“At the end of the day, what matters most is how we help patients at the patient level,” Adamson told Upworthy. “And how can you do that without knowing exactly what barriers they face?”

american cancer society, skin cacner treatment"What matters most is how we help patients at the patient level."https://www.kellydavidsonstudio.com/

The American Cancer Society believes everyone deserves a fair and just opportunity to prevent, find, treat, and survive cancer—regardless of how much money they make, the color of their skin, their sexual orientation, gender identity, their disability status, or where they live. Inclusive tools and resources on the Health Equity section of their website can be found here. For more information about skin cancer, visit cancer.org/skincancer.

via Dion Merrick / Facebook

This article originally appeared on 02.09.21


At 1:30 am on Monday morning an AMBER Alert went out in southern Louisiana about a missing 10-year-old girl from New Iberia. It was believed she had been kidnapped and driven away in a 2012 silver Nissan Altima.

A few hours later at 7 am, Dion Merrick and Brandon Antoine, sanitation workers for Pelican Waste, were on their daily route when they noticed a vehicle that fit the description in the alert.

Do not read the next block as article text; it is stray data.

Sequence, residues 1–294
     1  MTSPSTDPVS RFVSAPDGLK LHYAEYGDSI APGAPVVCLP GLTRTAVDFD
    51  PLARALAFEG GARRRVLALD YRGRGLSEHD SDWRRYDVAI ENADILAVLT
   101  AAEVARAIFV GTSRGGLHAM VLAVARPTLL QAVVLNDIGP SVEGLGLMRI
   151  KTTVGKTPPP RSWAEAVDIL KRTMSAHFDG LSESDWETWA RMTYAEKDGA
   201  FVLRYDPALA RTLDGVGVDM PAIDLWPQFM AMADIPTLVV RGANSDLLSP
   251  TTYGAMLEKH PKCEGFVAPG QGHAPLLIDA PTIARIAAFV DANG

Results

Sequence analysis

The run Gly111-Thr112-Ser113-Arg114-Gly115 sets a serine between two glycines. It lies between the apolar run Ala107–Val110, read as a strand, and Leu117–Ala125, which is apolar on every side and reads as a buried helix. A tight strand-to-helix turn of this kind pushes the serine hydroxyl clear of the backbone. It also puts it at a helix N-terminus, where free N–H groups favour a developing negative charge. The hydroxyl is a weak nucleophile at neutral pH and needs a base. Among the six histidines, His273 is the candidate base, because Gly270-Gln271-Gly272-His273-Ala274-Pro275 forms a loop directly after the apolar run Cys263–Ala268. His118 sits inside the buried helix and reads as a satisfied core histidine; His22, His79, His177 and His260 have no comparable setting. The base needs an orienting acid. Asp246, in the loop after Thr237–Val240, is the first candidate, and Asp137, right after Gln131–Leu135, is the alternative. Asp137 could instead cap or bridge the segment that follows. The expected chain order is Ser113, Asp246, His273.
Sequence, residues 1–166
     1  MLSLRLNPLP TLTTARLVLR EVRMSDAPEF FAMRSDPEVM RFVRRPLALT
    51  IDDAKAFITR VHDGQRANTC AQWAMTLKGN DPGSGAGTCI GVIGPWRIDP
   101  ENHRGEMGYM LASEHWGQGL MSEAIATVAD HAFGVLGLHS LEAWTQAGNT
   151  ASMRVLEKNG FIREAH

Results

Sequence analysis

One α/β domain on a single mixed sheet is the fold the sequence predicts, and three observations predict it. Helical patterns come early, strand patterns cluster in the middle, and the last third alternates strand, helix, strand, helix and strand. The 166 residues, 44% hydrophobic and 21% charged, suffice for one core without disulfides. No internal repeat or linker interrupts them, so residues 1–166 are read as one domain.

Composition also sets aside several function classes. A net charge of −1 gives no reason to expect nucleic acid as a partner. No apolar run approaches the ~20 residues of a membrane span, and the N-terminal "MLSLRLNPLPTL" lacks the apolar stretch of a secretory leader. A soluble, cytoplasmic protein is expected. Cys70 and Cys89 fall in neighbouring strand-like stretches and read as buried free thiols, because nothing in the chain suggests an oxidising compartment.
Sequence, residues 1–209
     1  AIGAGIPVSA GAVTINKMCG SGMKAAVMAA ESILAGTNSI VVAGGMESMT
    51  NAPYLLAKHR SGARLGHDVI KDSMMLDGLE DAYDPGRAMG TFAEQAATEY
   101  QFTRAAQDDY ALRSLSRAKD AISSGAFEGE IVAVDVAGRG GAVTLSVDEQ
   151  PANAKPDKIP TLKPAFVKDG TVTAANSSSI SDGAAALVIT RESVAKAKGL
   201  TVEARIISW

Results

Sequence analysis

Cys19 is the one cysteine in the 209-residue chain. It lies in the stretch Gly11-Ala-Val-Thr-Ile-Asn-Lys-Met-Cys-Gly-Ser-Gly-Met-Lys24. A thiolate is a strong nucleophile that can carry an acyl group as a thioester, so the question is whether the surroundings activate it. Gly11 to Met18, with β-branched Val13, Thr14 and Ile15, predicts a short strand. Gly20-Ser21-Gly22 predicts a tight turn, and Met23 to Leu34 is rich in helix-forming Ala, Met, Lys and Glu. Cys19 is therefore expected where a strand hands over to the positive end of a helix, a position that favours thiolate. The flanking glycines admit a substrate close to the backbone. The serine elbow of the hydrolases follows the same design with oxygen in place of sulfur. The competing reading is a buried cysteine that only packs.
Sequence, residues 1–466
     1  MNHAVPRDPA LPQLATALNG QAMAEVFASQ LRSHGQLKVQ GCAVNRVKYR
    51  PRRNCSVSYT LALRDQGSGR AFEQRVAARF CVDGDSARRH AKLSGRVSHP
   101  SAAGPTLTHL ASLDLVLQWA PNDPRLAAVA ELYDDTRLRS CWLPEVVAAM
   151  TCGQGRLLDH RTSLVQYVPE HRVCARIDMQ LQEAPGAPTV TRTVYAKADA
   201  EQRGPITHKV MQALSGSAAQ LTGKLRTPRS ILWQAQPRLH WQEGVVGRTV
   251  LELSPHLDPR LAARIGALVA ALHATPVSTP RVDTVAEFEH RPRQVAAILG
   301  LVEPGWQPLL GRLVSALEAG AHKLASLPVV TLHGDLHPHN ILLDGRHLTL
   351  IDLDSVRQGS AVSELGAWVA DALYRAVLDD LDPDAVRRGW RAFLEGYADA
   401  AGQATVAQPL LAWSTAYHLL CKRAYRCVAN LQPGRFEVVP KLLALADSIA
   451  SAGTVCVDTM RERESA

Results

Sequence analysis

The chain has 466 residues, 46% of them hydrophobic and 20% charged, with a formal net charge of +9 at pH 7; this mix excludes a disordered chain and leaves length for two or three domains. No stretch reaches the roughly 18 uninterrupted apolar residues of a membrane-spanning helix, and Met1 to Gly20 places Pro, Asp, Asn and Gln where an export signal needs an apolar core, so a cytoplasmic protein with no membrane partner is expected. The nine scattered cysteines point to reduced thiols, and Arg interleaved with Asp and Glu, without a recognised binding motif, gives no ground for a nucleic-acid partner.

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Joy

Nurse turns inappropriate things men say in the delivery room into ‘inspirational’ art

"Can you move to the birthing ball so I can sleep in the bed?"

Holly the delivery nurse.

After working six years as a labor and delivery nurse Holly, 30, has heard a lot of inappropriate remarks made by men while their partners are in labor. “Sometimes the moms think it’s funny—and if they think it’s funny, then I’ll laugh with them,” Holly told TODAY Parents. “But if they get upset, I’ll try to be the buffer. I’ll change the subject.”

Some of the comments are so wrong that she did something creative with them by turning them into “inspirational” quotes and setting them to “A Thousand Miles” by Vanessa Carlton on TikTok.

“Some partners are hard to live up to!” she jokingly captioned the video.